Bypass Trusts

What is a Bypass Trust and when would I want one?

Bypass Trusts are usually created for married couples, and they’re sometimes called “A-B Trusts” or “Credit Shelter Trusts”.

Here’s how they work:

The spouses create a trust document together, and they put their assets into this jointly created trust.  By the way, we call this “funding the trust”.  While both spouses are living, they just continue living before and using assets as before.  Really, while both are alive, they can almost forget their assets are even in the trust… they just keep on living life and using their assets as they always have.

When the first spouse dies, the trust assets will be split into two new trusts.  The estate planners at Shutt Law Firm call these two newly created trusts the “bypass trust” and the “marital trust”.  The surviving spouse has access to both of these trusts for her living expenses after the death of the first spouse to die.  However, there are more restrictions on the assets in the bypass trust and less restrictions on the marital trust.

Here are 3 reasons you might want a Bypass Trust:

Blended Families

If one or both spouses have children from outside the marriage, a Bypass Trust makes a lot of sense.  Because there are some restrictions on how the surviving spouse can access the assets in the bypass trust share, this is a way to protect an inheritance for the deceased spouse’s children.  In other words, with a bypass trust, you can both guarantee that the surviving spouse will have assets available for her care during her lifetime while also guaranteeing that the children will still have something to inherit something upon the surviving spouse’s death.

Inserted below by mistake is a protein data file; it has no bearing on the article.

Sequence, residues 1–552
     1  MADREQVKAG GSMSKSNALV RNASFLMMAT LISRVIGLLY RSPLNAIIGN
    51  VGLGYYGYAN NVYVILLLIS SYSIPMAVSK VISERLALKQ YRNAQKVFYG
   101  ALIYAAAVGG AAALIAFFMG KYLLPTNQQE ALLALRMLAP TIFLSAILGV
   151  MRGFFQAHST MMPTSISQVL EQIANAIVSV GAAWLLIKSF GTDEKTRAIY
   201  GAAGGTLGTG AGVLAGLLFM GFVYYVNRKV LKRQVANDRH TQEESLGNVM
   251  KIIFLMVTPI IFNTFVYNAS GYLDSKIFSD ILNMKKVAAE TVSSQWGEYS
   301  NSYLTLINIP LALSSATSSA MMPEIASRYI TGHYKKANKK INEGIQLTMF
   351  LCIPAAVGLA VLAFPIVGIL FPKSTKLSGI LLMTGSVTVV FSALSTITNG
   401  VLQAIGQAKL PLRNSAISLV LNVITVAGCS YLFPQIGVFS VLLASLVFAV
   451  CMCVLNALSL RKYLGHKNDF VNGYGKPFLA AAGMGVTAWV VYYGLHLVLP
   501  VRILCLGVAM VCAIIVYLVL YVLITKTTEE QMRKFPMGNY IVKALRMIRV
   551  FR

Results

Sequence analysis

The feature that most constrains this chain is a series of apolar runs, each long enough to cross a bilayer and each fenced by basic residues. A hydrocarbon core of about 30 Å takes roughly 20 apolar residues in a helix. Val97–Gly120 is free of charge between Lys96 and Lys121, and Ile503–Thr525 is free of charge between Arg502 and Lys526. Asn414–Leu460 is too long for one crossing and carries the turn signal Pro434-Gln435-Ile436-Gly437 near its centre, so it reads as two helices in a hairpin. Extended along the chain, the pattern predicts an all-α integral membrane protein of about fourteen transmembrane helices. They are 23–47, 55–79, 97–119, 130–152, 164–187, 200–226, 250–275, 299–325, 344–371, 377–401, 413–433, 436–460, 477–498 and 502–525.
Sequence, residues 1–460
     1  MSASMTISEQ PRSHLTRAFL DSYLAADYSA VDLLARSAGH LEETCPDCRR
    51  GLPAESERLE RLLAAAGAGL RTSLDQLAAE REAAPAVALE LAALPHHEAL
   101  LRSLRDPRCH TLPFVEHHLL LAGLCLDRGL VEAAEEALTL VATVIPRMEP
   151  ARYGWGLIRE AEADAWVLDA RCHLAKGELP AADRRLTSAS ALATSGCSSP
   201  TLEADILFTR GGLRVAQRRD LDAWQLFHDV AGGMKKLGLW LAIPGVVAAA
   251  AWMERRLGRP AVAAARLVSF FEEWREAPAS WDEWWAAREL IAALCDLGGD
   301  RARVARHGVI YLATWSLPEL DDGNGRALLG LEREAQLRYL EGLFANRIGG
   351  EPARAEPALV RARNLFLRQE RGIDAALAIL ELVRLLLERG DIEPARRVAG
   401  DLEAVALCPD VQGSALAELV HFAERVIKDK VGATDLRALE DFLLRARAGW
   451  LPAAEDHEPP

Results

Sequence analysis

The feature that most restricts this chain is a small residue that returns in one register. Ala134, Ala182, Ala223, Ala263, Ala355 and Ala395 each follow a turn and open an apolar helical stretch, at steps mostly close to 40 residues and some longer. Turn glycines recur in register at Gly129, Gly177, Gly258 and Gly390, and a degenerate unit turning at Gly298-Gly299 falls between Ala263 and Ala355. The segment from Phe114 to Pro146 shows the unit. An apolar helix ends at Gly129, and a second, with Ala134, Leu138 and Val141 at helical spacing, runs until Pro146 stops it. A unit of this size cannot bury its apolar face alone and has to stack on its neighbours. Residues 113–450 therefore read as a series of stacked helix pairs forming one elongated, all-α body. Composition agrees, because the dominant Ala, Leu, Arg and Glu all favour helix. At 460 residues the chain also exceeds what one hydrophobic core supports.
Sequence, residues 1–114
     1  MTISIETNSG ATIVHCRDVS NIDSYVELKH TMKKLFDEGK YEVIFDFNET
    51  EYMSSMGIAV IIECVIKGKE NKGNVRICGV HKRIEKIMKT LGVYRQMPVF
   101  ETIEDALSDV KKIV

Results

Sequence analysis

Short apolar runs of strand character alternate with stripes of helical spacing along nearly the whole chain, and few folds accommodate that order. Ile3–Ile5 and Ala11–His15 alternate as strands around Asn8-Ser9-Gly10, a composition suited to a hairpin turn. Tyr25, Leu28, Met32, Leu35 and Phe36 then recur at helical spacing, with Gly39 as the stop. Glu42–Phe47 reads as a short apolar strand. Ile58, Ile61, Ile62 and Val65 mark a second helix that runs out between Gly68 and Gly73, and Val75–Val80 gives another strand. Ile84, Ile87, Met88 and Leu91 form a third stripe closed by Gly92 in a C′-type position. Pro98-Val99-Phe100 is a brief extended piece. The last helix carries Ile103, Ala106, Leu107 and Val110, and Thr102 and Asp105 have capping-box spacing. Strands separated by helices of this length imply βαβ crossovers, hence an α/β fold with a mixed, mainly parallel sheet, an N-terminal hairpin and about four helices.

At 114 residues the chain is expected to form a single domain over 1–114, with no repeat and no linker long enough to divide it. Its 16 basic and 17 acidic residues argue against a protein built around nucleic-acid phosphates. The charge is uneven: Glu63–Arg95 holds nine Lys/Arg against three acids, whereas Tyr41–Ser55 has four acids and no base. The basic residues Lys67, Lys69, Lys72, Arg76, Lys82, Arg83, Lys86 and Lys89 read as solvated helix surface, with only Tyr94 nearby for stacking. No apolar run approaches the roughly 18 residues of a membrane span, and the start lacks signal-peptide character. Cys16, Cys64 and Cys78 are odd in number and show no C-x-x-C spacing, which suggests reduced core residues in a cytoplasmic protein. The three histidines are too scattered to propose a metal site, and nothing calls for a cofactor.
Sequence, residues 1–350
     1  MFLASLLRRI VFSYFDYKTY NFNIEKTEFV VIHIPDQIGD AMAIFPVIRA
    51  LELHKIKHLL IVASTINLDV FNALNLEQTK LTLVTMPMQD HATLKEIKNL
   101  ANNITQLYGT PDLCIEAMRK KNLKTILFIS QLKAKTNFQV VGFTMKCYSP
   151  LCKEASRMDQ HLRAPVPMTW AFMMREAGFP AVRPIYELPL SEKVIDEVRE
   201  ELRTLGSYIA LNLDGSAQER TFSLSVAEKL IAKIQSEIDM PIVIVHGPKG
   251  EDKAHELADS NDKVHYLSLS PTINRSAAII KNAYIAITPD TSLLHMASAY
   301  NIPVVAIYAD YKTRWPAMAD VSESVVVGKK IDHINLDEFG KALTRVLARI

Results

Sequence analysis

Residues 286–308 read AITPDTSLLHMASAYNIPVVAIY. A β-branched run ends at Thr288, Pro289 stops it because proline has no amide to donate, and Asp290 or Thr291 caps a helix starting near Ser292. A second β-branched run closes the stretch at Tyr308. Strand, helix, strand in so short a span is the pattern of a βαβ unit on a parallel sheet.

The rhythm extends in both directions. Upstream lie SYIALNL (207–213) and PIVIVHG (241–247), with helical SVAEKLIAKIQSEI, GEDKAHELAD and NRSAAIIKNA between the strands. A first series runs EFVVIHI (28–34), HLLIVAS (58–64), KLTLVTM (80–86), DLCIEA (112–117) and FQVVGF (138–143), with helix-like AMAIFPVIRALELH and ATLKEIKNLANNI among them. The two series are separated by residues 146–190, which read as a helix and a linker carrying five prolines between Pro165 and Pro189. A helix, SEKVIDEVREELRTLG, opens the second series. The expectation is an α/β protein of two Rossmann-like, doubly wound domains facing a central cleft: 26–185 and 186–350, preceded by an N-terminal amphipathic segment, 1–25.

Tax Minimization

Bypass Trusts can help minimize taxes.  We typically use a formula to determine how much goes into the bypass trust vs. the marital trust, and this formula is based on tax law.  The amount in the bypass trust is typically included in the first-spouse-to-die’s estate for federal estate tax purposes, while the assets in the marital trust would be includable in the surviving spouse’s taxable estate.  This is really helpful when we’re trying to maximize both spouses’ estate tax exemptions.

Asset Protection

If the spouses want to guarantee that the surviving spouse doesn’t try to give away all the couples’ assets after the first spouse dies, then a Bypass Trust could be the right answer.  The amounts in the bypass trust share can’t be gifted to others by the surviving spouse.  So, if the surviving spouse remarries, she can’t give away the bypass trust assets to her new husband.

This is also helpful to protect assets more generally.  Sometimes elderly surviving spouses are susceptible to scammers, and the bypass trust prevents the surviving spouse from getting swindled.  This is because she can’t give away the assets held by the bypass trust.

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